Review Summary: For a band that released an album called The Upsides this sure is a downer.
There isn't really a good place to start talking about this album. I suppose about the band, The Wonder Years are a sextet from Pennsylvania and No Closer To Heaven is the follow up to 2013's critically acclaimed The Greatest Generation. But you probably already knew all that. The thing is that No Closer To Heaven is so densely packed with emotion, so dripping with sadness, regret, longing, and beauty that I'm physically and emotionally drained. It's like going through a near death experience and then trying to describe what happened right after it's over. Your mind is racing, jumbled, doesn't know up from down. But we'll give it a try.
Dan “Soupy” Campbell is no stranger to depression. He has talked about having it for most of his life, and it's this that took over when attempting to write TGG's follow up. After living with it and going through writers block for months he simply wrote about what he was feeling, and its this raw look at a mind verging on suicidal thoughts and working through it that makes No Closer To Heaven so emotionally investing. In part it's a memorial for lost friend Mike Pelone, but more than that it's about regretting past mistakes and being angry at the twisted world that made all of this possible. It starts right away with opener Brothers & introducing one of the big mantras of the album in it's lyrics, “We're no saviors if we don't save our brothers.” Dan's lyrics truly shine when covering such personal topics with this record containing some of the best he's ever written. A Song for Ernest Hemingway is a great example with a chorus that will surely be added to their pantheon of fan favorites, "I'll be your dead bird/you'll be my bloodhound/You're just doing what you're told/Pick my body off the ground." Another highlight is You In January, an out and out love song, "When you tell me you love me/I can actually see it/Your breath frozen in the air/Newborn droplets of ice/You were the one thing I got right." It actually isn't that much of a stretch to call No Closer to Heaven a concept album, it goes beyond just having similar themes in all the songs and tells a story. A story of depression and it's roots, of working through those and getting to a place of content. It's no The Most Lamentable Tragedy of Titus Andronicus in scope or story, but I guess not much is.
The growth of this band, however, isn't limited to the front man. The music here truly shines as the pinnacle of The Wonder Years' achievements. It's astounding how a band can simultaneously retreat from the Pop Punk sound of their past and also completely revel in Pop Punk tropes. The choruses are huge and soaring, so singable it hurts. The songs are short, sweet, and to the point. And yet they take these basics and elevate them to greater and greater heights. From vocal harmonies akin to the Beach Boys in A Song For Ernest Hemingway to the increased keyboard presence adding to the atmosphere of most tracks, the band has literally expanded their horizons in every respect. Here in the songwriting however lies the album's only real hindrance as there is, for lack of a better word, just filler from time to time. Both The Bluest Things on Earth and I Wanted So Badly to be Brave are very much bland and, while each has moments that stand out, you will find yourself forgetting that these songs are on the album in repeat listens. One of the keys to the rest of the album's success is the use of dynamics. A bad word in most punk dictionaries, this gives each song emotion that just wouldn't be possible if it was a constant loud assault on the ears. Cigarettes and Saints is a great example of this but the best usage is in Stained Glass Ceilings. The song starts out small and soft, featuring clean guitar and Nick Steinborn laying down the most beautiful keyboard on the record, and builds through a huge crescendo into the screams of guest vocalist Jason Aalon Butler (letlive.) alongside Soupy lamenting how we are stuck in, “***ing John Wayne's ***ing God Complex.”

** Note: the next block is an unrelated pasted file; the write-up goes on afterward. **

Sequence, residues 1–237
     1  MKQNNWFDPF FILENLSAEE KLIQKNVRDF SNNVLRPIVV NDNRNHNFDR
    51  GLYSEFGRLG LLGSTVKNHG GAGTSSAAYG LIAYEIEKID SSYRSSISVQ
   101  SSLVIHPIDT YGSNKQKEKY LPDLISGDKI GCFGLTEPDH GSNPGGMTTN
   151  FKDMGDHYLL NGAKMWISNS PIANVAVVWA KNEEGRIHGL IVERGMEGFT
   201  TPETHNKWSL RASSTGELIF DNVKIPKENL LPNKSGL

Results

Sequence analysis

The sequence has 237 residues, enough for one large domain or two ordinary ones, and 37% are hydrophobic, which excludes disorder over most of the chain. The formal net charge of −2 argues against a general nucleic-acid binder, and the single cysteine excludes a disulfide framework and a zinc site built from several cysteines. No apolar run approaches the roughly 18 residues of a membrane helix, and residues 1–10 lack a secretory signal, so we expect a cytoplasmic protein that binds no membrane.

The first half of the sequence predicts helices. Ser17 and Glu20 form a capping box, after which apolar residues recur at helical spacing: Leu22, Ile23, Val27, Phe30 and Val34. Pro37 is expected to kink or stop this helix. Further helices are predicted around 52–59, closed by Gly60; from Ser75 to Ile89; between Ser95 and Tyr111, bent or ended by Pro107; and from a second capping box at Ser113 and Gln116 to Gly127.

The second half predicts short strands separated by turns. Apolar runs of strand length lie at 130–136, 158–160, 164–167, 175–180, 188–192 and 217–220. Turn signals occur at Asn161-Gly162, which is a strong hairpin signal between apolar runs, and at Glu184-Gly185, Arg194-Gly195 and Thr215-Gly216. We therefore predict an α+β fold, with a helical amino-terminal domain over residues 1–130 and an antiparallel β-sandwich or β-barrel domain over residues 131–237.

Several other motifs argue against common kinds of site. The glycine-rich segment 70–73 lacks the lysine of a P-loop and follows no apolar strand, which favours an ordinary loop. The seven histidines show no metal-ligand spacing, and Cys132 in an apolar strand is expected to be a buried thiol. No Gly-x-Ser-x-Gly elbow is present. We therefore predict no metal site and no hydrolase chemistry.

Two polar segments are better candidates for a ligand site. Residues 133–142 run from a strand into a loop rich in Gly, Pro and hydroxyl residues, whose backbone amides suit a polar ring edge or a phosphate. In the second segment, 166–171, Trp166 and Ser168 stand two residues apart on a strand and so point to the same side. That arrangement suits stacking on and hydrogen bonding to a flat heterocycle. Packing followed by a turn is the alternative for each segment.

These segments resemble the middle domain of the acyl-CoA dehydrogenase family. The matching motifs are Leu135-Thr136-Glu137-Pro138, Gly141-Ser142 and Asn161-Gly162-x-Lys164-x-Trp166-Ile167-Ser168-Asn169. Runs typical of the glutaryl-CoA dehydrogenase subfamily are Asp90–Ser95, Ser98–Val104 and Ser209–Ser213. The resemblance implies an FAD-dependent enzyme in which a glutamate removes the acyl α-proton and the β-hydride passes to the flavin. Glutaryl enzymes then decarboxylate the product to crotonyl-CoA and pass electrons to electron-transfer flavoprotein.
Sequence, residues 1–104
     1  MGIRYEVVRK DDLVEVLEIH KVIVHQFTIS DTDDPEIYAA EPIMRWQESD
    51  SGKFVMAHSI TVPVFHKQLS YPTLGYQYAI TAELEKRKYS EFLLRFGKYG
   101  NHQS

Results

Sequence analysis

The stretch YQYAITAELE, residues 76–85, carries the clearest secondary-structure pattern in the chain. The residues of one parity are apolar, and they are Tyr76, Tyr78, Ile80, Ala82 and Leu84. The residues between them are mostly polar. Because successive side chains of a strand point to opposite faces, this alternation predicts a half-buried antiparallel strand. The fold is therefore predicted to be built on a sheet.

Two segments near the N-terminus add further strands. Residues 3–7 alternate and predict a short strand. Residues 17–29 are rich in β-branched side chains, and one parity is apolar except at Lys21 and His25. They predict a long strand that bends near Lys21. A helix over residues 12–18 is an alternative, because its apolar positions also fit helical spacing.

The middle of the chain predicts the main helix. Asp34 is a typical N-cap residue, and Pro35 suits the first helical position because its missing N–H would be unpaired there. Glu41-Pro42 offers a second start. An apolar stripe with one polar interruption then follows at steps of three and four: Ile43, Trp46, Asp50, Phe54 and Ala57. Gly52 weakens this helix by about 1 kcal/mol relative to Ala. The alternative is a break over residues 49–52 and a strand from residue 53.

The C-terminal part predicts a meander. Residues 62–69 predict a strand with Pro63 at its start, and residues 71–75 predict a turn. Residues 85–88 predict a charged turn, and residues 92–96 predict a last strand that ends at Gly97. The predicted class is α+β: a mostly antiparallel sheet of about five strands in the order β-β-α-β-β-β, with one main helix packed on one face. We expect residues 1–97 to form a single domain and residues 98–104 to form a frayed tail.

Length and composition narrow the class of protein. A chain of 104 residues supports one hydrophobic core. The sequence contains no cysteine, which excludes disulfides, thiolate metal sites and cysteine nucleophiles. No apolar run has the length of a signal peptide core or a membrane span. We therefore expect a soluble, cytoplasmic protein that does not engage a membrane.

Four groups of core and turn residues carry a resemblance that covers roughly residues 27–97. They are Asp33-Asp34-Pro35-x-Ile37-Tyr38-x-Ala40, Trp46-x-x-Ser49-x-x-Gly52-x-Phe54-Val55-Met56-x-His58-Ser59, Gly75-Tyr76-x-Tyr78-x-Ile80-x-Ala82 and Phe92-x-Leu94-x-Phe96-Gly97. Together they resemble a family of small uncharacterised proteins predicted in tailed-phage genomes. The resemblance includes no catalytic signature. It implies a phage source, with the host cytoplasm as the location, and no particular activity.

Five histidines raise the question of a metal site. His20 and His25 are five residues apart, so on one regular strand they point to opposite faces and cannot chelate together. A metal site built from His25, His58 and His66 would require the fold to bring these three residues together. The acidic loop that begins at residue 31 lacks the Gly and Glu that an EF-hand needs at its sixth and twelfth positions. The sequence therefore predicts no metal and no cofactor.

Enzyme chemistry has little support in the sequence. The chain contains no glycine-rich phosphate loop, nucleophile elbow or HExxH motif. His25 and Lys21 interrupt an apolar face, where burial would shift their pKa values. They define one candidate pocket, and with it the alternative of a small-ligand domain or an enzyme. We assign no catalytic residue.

If you remember one thing about TWY's previous album it is the brilliant closer I Just Want To Sell Out My Funeral. The song not only was it's own summation of the entire record's themes but also featured a medley of all the high points strung into one giant anthem for Generation Y. So a reasonable question would be, “Does this album close in the same huge, bombastic style?” The short answer is no, No Closer To Heaven doesn't need that, it would feel tacked on and repeated. No this album needs exactly what it has, a short acoustic song that isn't exactly joyful but more bittersweet. Here we see an endpoint of sorts in Soupy's journey, seeing that life isn't really about being happy, it's about being ok with not knowing the future and still working towards it. “We never reach the gates/I'll keep walking anyway/Im no closer to heaven.” In the end this sad album closes with the same theme that the band has always been preaching. “It's not about forcing happiness, it's about not letting sadness win.”